A record-breaking 526,446 businesses were set up in Britain in 2013, according to figures from StartUp Britain, a campaign to boost entrepreneurship – far outstripping the 484,224 businesses recorded in 2012 and 440,600 in 2011.
Standing out from the crowd
Anyone starting a new business should be applauded. Let's face it, it's no walk in the park – particularly not in the early years – and for the majority of entrepreneurs the odds are heavily stacked against them.
Yet as we're all well aware, small businesses are the engine of the UK economy. They employ more people than any other type of organisation – around 14.4m, according to recent figures from the Federation of Small Businesses – with high-growth businesses generating the majority of jobs and having the most profound impact on the economy.
Around 6% (the 'vital 6%') of UK businesses with the highest growth rates generated half of the new jobs created by existing businesses between 2002 and 2008, according to research published by NESTA. These high-growth businesses – or 'gazelles' as they are increasingly becoming known – experience average annual growth in turnover of 20% or more over three years, while the Financial Times defines them as generating aggregate growth of at least 33% over three years.
So, the key question is how do you go from being a one-man band or micro-business to a high-growth business success story?
Getting from A to B
Success isn't necessarily about the type of business you're in or where you're based – high-growth businesses are spread across the UK and are represented in almost every industry sector, from consultancy and IT support to manufacturing and retail.
The essential attributes of a high-growth business are based on a number of key factors, some of which are set out below.
Developing a strategy and then working out how to reach your goals isn't easy. It's far more achievable if you have a clear vision of the future. The tactics you use along the way may involve experimentation and change, but your vision should be constant.
When considering the strategies you need to develop to achieve your goals, starting with researching and gathering knowledge about your market. Talk to as many people as possible to gain insight and understanding before assessing and analysing your current business position. Remember to validate your strategy to ensure commercial viability and prove market demand.
3. Business plan
Putting together the business plan can be an illuminating and inspiring part of building your business. Not only will it make you consider a host of issues that might otherwise slip under the radar, it can also lead to new ideas and, occasionally, that elusive 'eureka moment'.
4. The right people
There is no single more critical asset in a business than its people. Without good people, an entrepreneur can have the best idea in the world and yet be unable to execute it. Sourcing the best talent you can find and then cultivating, motivating and harnessing their potential is one of the most vital ingredients of business success.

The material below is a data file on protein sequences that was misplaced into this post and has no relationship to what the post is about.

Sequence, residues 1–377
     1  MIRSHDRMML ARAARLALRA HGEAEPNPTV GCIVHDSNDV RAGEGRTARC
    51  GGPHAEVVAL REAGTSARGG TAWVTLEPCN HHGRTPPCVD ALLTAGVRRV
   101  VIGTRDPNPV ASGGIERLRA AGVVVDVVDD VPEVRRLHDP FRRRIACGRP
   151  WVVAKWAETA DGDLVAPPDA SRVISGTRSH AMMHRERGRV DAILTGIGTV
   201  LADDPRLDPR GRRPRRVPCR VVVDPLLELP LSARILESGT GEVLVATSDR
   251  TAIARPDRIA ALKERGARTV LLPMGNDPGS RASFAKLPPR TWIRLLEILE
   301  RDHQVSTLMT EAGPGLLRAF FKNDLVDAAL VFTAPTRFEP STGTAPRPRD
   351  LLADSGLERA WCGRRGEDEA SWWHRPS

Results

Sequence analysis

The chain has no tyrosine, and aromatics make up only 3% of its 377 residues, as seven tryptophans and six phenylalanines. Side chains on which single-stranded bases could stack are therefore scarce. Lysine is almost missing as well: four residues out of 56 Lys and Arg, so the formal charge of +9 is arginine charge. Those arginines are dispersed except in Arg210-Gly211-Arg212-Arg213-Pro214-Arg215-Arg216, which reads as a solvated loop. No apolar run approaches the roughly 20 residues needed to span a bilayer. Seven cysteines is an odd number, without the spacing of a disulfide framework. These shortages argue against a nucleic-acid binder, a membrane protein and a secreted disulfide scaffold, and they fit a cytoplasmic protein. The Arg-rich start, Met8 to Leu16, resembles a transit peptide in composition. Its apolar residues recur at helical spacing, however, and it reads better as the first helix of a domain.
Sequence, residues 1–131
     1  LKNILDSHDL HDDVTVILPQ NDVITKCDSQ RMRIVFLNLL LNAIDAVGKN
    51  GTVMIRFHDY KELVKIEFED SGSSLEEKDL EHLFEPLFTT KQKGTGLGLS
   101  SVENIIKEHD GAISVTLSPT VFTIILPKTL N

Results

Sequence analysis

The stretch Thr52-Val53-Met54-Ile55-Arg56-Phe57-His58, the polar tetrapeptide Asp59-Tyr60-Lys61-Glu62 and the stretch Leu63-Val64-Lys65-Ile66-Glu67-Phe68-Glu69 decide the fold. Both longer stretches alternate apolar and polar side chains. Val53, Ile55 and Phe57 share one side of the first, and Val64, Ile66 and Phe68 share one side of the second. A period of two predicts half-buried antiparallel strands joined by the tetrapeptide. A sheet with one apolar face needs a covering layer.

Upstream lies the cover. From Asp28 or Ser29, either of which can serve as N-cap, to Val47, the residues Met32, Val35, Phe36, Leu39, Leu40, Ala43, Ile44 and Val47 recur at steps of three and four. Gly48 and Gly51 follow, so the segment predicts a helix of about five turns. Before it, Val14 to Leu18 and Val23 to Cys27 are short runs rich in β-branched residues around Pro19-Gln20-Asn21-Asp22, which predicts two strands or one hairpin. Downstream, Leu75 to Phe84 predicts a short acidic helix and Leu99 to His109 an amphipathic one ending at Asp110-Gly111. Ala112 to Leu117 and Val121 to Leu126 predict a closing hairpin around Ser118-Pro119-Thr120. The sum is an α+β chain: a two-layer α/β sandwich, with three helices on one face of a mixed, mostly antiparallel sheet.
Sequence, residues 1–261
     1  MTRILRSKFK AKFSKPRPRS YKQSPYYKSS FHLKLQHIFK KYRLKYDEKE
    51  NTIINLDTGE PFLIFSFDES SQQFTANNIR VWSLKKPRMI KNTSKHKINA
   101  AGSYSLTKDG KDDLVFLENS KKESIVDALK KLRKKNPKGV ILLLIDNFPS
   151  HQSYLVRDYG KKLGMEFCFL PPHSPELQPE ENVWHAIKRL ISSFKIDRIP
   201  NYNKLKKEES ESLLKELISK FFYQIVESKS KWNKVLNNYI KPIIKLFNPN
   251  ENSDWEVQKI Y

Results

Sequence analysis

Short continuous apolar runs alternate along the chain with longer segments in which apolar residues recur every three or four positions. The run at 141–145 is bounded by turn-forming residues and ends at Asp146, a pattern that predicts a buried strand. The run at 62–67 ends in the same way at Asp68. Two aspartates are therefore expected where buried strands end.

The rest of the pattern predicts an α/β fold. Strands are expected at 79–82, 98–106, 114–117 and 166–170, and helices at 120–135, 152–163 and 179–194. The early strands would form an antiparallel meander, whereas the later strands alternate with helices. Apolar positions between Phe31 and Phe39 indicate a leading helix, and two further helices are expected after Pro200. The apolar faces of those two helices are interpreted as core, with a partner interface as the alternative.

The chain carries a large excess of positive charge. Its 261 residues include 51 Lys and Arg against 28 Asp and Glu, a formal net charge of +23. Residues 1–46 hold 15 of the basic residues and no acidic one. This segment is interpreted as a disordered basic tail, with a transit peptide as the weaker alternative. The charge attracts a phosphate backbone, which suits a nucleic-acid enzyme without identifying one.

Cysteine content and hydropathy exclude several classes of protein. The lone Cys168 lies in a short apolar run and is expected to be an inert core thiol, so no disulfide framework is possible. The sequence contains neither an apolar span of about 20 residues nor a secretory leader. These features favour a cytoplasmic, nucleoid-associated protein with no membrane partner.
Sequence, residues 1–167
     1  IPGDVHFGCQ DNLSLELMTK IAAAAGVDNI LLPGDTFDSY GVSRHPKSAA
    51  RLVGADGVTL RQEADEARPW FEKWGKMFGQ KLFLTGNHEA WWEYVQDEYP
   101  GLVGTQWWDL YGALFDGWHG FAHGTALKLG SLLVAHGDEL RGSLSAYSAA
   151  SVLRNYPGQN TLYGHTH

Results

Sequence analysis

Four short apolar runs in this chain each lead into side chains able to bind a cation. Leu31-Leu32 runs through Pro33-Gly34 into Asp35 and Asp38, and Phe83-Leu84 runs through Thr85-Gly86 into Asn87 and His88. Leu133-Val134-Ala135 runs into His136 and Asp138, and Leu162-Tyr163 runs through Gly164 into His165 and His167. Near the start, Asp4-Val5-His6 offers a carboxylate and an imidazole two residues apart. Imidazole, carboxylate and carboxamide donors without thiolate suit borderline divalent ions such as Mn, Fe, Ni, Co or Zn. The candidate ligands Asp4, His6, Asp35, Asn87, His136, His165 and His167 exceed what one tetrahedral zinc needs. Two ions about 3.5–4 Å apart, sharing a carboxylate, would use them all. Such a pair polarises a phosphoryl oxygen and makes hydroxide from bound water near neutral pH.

5. Brand building
People buy from people, but they also buy from brands that they trust. Businesses can create trust in a number of ways including through product or service excellence, creativity, familiarity or value for money. The goal is to become a 'come to' business, with people seeking you out and making your brand their natural choice.
A scalable business model will enable you to multiply revenues with little incremental cost. Technology can play a huge part in increasing scalability – not just for tech-focused businesses, but for automating processes, providing access to new markets, cutting operating costs, saving time and improving overall performance – in other words, the tech-enabled business.
Most businesses will start with limited funding. As these businesses develop, they may bootstrap their growth by relying on their own profits and assets. For some, cash constraints or growth opportunities will make it either necessary or desirable to raise additional finance. If this can't be found through borrowing or other non-equity sources then raising external equity may be the only option (See page 6).
This issue of Enterprise looks at various aspects of the business growth story, from the importance of flexibility in a high-growth business strategy, to building a management team, key questions for your finance director, making the most of tax reliefs and preparing for exit.
We have taken great care to ensure the accuracy of this newsletter. However, the newsletter is written in general terms and you are strongly recommended to seek specific advice before taking any action based on the information it contains. No responsibility can be taken for any loss arising from action taken or refrained from on the basis of this publication. © Smith & Williamson Holdings Limited 2014. code 14/414 exp: 31/10/14